For me both are same almost. I use if(var == null) this way only.
this habhits[if(null == value)] comes from C language . example,in C if statement validate 1 as true and 0 as false
so when you say accidently if(i = 2) insteadof if(i == 2) , you get different output.
but in Java if staement condition must be a boolean , so it is not a problem [except Boolean].
note: only when you are comparing a *Boolean* value you need to be careful because if(Boolean = null) will pass the compiler check.
There are reasons for preferring if (null == value) in C/C++ because you will get a compiler error if you write = by mistake instead of ==. That is because C cannot distinguish 0 for false and 0 for null and will accept (value = null) as the same as false. Only in C you usually say NULL, rather than null. But you can't writeif (NULL = value) even in C.
In Java, however, the compiler will never allow if (null), so you will always get a compiler error if you write if (value = null) instead of == null. In that case there is no need to prefer if (null == value) and I would agree with Maneesh and Manish.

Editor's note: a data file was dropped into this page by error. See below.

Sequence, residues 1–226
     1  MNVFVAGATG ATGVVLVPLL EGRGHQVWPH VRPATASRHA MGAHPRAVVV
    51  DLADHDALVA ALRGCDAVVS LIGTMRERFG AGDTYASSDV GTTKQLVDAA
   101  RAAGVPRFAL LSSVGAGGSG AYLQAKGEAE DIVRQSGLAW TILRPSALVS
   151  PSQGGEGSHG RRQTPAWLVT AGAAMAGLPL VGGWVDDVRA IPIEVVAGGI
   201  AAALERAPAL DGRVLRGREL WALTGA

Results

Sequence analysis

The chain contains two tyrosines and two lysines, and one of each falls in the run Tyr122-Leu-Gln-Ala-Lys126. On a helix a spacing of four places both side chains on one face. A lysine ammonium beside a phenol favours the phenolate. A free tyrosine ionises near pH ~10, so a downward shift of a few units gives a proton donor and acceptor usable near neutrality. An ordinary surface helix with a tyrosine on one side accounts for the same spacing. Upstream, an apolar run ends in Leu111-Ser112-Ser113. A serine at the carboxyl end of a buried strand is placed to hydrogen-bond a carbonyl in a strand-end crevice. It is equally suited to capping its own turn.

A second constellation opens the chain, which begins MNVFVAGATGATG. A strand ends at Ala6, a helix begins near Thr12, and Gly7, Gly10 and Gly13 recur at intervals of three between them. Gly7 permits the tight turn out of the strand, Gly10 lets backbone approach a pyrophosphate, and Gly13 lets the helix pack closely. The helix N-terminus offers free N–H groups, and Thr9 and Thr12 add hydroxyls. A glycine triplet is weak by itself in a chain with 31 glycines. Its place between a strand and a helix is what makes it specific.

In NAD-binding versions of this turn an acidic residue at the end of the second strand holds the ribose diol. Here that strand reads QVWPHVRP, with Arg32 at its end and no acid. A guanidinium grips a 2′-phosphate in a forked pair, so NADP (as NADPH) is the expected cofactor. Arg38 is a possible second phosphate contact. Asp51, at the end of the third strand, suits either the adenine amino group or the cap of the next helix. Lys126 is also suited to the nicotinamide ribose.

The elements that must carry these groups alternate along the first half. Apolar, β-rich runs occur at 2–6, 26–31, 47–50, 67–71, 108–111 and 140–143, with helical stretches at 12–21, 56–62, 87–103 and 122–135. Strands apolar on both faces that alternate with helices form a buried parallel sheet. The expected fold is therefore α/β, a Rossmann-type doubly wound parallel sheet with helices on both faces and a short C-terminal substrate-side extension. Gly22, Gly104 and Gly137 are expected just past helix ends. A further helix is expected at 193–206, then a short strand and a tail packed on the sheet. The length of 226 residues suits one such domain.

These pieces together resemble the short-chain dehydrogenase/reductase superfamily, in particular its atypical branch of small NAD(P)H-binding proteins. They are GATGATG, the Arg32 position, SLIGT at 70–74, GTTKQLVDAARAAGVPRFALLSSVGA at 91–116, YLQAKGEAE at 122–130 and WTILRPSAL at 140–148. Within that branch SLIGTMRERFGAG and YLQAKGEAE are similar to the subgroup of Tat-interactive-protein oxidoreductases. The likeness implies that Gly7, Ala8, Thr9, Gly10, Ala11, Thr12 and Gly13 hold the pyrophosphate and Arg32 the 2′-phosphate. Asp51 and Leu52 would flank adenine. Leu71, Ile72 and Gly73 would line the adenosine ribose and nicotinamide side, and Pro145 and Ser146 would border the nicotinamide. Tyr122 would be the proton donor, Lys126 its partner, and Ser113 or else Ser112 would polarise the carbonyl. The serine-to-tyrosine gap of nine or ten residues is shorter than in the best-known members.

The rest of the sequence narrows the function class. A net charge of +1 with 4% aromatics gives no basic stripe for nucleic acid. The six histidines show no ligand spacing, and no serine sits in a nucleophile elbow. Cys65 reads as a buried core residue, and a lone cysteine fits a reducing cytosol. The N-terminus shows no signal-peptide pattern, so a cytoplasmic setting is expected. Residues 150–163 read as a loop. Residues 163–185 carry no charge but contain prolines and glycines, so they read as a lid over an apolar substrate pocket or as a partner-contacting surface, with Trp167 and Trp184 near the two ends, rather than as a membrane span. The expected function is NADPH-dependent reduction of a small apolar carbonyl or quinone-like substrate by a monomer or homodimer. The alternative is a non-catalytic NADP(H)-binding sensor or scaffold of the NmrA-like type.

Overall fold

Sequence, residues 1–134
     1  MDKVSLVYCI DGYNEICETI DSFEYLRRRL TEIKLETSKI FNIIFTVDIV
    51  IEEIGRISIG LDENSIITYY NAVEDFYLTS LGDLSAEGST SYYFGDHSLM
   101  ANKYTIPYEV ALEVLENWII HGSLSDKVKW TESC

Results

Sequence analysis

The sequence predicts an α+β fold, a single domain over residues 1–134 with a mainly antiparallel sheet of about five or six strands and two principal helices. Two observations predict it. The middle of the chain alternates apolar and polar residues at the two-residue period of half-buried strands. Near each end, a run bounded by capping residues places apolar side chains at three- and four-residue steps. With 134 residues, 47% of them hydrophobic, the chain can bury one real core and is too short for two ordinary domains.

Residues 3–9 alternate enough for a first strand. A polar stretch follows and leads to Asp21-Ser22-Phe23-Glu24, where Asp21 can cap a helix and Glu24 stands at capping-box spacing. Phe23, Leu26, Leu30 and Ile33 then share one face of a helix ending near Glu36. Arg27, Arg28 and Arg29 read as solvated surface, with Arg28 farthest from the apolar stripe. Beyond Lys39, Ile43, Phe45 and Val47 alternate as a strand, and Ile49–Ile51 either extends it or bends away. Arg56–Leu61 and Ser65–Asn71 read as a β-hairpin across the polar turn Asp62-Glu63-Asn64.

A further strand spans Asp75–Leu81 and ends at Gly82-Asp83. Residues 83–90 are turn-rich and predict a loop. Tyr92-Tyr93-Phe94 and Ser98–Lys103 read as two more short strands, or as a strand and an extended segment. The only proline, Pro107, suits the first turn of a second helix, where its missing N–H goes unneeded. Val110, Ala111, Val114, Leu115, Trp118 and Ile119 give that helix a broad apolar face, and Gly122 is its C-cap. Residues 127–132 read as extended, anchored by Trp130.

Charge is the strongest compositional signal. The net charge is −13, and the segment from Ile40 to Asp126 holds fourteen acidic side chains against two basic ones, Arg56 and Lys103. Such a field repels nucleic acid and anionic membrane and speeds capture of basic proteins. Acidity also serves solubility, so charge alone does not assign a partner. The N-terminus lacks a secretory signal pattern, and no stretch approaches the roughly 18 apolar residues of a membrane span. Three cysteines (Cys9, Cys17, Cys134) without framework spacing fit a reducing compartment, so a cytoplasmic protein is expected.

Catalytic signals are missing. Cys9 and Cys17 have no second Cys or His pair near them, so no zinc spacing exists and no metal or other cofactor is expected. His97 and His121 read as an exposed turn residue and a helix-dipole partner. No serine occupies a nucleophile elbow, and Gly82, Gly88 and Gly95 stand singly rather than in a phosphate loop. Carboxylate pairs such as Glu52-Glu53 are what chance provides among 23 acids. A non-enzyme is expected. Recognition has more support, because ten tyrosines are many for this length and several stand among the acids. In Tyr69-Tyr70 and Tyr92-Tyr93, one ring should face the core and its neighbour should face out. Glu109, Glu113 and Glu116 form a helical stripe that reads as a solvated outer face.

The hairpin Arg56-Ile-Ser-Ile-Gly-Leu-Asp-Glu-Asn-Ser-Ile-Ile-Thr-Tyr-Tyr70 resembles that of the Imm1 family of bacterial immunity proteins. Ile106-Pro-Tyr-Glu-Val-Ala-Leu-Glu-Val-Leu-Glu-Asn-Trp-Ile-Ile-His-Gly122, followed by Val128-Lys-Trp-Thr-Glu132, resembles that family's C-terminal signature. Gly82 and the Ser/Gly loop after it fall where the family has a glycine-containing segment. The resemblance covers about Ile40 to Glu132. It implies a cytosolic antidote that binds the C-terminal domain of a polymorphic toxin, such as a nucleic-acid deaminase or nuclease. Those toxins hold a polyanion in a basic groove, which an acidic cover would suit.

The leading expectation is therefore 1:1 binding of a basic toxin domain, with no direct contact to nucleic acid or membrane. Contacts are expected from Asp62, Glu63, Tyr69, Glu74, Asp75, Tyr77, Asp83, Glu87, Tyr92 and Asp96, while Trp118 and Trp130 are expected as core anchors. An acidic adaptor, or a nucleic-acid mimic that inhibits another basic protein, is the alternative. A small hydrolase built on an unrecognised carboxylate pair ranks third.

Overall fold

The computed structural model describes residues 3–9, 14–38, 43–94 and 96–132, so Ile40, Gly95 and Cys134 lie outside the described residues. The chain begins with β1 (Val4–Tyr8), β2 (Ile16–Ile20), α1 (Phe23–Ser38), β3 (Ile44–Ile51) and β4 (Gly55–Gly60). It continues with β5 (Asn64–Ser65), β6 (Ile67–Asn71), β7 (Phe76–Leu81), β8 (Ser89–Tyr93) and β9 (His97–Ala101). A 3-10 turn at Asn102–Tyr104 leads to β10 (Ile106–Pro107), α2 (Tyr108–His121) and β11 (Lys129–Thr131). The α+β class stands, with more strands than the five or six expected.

You should, however, always avoid == false and == true, because it is possible to change values with = unintentionally.
Campbell Ritchie wrote:There are reasons for preferring if (null == value) in C/C++ because you will get not a compiler error if you write = by mistake instead of ==.
There, I fixed it. C and C++ allow it.
There is in Java one reference type that does allow this to compile since Java 5.0: Boolean. Consider the following example:
In Java 1.4 and before this would give a compiler error. Because of auto-boxing this will now compile but lead to a NullPointerException. The reason is because this is what happens:
- null is assigned to b
- b is auto-unboxed from Boolean to boolean, but auto-unboxing null references throws an NPE.